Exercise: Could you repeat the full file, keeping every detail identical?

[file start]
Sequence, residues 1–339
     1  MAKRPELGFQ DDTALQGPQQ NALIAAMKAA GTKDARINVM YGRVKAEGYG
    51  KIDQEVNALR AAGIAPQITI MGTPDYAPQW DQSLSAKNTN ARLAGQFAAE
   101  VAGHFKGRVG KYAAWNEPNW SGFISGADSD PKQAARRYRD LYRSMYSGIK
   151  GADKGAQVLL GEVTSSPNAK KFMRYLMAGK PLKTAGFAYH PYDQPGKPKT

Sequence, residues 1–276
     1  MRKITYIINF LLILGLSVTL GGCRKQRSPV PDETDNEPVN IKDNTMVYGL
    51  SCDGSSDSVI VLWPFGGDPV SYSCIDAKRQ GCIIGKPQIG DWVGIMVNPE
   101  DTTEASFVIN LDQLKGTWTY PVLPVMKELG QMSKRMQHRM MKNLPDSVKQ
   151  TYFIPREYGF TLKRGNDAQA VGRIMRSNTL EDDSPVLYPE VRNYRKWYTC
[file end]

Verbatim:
Sequence, residues 1–339
     1  MAKRPELGFQ DDTALQGPQQ NALIAAMKAA GTKDARINVM YGRVKAEGYG
    51  KIDQEVNALR AAGIAPQITI MGTPDYAPQW DQSLSAKNTN ARLAGQFAAE
   101  VAGHFKGRVG KYAAWNEPNW SGFISGADSD PKQAARRYRD LYRSMYSGIK
   151  GADKGAQVLL GEVTSSPNAK KFMRYLMAGK PLKTAGFAYH PYDQPGKPKT

Sequence, residues 1–276
     1  MRKITYIINF LLILGLSVTL GGCRKQRSPV PDETDNEPVN IKDNTMVYGL
    51  SCDGSSDSVI VLWPFGGDPV SYSCIDAKRQ GCIIGKPQIG DWVGIMVNPE
   101  DTTEASFVIN LDQLKGTWTY PVLPVMKELG QMSKRMQHRM MKNLPDSVKQ
   151  TYFIPREYGF TLKRGNDAQA VGRIMRSNTL EDDSPVLYPE VRNYRKWYTC